I was really excited to go see Disney’s Haunted Mansion not only as someone who raised her kids in an actual haunted Victorian mansion, but also as a huge fan of the Disneyworld Haunted Mansion attraction and all its accoutrements. I love the history of the amusement park ride (born in 1969 like me!), and what about the fact that the mansion house itself was modeled after a house in Maryland?!
I was concerned the film wouldn’t go well for Disney. The first Haunted Mansion film starring Eddie Murphy back in 2003 had lackluster reviews, and with its poorly-timed release amidst huge summer blockbusters Barbie and Oppenheimer (Barbie just became the first billion-dollar movie—in 17 days—with a solo woman director), this one didn’t stand much of a chance. A Halloween release would’ve made more sense; maybe spooky-season streaming is what was intended.
The reviews of this new film make the ones for the ’03 film look like Citizen Kane. The New York Times sneers “There is a mansion, it is haunted, boo, blah, the end.”
Rolling Stone dismisses the parallels between the amusement park ride and the movie as “…a million other familiar details and soulless callbacks that aren’t worked into the story so much as shoved into the frame for quick recognition,” continuing with this ghastly blow: “Disney, you can do better than this, even with something based on an amusement park staple. Haunted Mansion doesn’t have one-tenth of the wit or imagination of that decades-old attraction. You will, however, definitely feel like you’ve been taken for a ride in the worst possible way.”
What I’d hoped for was the movie would be a fun/spooky, campy ride with lots of silly references to the amusement park icon and for the most part it delivers. But the film has an identity crisis. It doesn’t know when to be scary, funny, or dark and morose, and so the vibes are chaotic. Owen Wilson plays himself as usual so we expect him to accidentally say Kachow at any moment. LaKeith Stanfield is good but overly gloomy as Ben, the astrophysicist ghosthunter, Rosario Dawson as Gabbie the mansion owner wears only oddly sepia-toned clothes that are perfect for a “Haunted Mansion Barbie” character. There are good moments from supporting cast members Tiffany Haddish, Danny DeVito, Jared Leto, Winona Ryder with a Beetlejuice shout-out, and Jamie Lee Curtis as Madam Leota.
There’s an obnoxious, ridiculous overabundance of product placements in the film. Though moviegoers have come to expect that, as seen in recent films like Barbie (that whole movie is a product placement), The Haunted Mansion has over a dozen, and includes them as one reviewer called it, “with all the grace of a pair of Crocs.”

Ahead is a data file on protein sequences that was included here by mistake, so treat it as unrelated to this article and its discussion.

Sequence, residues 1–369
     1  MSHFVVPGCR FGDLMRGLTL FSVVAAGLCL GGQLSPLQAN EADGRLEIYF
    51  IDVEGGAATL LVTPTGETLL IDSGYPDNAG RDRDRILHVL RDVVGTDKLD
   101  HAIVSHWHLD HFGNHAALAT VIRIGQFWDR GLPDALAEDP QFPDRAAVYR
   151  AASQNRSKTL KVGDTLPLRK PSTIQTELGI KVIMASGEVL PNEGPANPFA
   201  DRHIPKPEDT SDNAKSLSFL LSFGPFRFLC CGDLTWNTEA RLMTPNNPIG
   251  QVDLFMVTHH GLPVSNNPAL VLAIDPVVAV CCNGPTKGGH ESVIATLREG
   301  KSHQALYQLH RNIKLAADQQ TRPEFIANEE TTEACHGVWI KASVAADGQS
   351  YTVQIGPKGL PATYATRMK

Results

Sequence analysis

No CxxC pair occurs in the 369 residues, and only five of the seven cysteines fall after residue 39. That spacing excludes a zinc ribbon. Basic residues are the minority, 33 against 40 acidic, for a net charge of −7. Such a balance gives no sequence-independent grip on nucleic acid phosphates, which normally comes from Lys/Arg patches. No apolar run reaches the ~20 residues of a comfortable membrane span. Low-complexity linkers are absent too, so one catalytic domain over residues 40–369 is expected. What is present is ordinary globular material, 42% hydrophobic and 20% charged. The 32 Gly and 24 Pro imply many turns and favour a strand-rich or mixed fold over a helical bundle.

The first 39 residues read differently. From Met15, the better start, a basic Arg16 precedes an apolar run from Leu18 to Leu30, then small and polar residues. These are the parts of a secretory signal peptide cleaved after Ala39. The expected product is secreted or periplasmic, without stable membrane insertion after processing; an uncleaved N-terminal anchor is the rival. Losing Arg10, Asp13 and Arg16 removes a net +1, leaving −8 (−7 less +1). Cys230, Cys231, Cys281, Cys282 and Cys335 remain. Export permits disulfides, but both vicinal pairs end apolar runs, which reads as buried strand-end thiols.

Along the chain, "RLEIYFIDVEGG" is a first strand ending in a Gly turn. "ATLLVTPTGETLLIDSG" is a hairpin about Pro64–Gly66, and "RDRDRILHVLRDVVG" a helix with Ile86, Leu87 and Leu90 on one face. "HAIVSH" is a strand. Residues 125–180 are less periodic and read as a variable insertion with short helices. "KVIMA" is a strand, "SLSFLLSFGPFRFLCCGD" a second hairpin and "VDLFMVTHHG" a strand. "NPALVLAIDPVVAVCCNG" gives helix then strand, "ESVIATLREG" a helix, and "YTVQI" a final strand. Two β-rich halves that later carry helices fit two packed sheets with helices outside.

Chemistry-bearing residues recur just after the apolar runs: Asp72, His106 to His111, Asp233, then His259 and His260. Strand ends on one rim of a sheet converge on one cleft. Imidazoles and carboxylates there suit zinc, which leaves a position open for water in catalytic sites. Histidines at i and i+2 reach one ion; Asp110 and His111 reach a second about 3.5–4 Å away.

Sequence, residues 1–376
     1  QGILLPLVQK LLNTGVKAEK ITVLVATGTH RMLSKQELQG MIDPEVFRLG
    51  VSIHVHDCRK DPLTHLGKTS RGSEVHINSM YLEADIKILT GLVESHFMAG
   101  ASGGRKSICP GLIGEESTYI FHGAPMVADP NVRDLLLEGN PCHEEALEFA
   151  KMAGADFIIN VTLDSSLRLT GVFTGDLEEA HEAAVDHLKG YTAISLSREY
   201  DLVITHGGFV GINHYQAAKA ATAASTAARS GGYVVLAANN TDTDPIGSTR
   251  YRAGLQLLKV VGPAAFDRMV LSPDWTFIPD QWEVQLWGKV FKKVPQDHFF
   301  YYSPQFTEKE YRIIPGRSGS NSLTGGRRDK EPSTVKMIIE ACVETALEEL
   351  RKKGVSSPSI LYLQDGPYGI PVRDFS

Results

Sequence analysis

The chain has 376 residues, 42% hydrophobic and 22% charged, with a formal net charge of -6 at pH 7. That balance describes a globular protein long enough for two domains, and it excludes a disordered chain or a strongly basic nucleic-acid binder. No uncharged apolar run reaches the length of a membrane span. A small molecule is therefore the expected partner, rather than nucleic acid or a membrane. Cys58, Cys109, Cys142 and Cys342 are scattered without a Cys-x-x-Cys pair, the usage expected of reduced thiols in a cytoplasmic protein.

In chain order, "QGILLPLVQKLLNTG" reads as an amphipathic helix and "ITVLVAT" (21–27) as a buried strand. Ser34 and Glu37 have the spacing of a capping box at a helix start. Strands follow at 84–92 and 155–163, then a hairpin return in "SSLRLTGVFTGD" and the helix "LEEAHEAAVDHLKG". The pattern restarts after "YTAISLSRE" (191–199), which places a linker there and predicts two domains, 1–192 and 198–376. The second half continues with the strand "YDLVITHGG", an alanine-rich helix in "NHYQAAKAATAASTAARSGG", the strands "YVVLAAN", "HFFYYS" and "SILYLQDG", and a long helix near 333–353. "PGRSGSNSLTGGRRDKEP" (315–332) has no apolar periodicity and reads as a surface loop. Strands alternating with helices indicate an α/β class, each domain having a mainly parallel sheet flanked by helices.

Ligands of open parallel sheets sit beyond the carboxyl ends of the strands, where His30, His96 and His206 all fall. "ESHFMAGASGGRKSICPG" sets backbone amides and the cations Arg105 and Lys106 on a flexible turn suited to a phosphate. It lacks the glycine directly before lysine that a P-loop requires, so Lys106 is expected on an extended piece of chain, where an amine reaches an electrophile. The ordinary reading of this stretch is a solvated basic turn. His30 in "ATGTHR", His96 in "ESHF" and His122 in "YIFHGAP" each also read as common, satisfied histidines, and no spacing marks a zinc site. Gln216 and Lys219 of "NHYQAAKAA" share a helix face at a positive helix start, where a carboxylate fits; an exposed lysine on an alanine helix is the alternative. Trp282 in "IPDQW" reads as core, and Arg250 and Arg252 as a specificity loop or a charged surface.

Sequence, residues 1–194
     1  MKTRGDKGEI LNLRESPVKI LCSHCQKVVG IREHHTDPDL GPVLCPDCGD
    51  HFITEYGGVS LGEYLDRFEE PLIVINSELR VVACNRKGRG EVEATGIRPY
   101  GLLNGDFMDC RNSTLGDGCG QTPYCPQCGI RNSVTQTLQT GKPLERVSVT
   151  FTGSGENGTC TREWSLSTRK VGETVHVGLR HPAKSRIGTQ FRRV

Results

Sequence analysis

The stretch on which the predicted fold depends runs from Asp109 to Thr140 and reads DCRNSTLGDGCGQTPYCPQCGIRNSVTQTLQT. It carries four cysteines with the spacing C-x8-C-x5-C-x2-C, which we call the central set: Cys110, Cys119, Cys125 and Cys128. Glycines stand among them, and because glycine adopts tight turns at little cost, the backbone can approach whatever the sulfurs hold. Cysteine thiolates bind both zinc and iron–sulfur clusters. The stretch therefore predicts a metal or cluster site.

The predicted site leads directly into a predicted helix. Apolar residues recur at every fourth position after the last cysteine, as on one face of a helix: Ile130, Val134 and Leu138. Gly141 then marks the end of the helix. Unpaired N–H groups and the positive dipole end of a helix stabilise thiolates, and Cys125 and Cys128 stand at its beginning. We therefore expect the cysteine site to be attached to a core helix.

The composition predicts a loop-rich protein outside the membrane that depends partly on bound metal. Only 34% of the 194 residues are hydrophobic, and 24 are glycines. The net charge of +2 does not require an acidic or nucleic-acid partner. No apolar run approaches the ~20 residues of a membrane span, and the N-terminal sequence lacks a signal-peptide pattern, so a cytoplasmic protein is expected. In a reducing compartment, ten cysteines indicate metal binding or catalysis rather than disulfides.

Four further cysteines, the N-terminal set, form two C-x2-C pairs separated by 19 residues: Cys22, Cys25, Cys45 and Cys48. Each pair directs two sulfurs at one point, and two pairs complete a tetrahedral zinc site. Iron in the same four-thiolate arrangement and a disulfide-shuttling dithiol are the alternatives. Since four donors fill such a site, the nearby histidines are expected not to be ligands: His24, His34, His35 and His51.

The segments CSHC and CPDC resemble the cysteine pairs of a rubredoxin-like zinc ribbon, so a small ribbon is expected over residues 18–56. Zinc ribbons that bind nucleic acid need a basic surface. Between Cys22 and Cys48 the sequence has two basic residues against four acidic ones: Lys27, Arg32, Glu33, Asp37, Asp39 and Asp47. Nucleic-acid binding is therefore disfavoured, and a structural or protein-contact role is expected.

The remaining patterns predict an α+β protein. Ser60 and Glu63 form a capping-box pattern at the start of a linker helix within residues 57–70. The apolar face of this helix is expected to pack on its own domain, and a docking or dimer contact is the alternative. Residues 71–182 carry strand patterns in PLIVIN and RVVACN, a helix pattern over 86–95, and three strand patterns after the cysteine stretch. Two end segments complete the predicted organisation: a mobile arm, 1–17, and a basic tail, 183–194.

From a center-framed Burger King bag in the car to mentions of CVS receipts and saying Baskin-Robbins ice cream is “to die for,” you’d be wasted if you had to drink every time a product was hocked; it couldn’t be more annoying. The one that really got me as a candlemaker was the prominently-placed Yankee Candle in the middle of the séance table. I noticed it immediately because it didn’t belong. Cinematically, the film is great, so there are ghostly chandeliers floating around the mansion with the wispy ghosts, and suddenly there’s a modern basic-bitch Vanilla Yankee Candle on the table that Dawson declares is there because she “forgot to cancel her Amazon subscription,” adding yet another product reference.
It’s the feeling when you’re watching a movie on a cable channel that you pay a lot of money for and now you’re watching commercials. Come on Disney, didn’t we pay for a movie ticket; how many commercials should we have to watch during the film? Also, as a small candlemaker, I’d like to remind everyone to support their local handmade soy candle company. Big box candles are made from paraffin, which is petroleum and can be filled with awful toxins and chemicals you don’t want burning in your home.
My recommendation is stream the film at home around Halloween where you can enjoy some cool special effects and drink every time you see a commercial hiding in plain sight.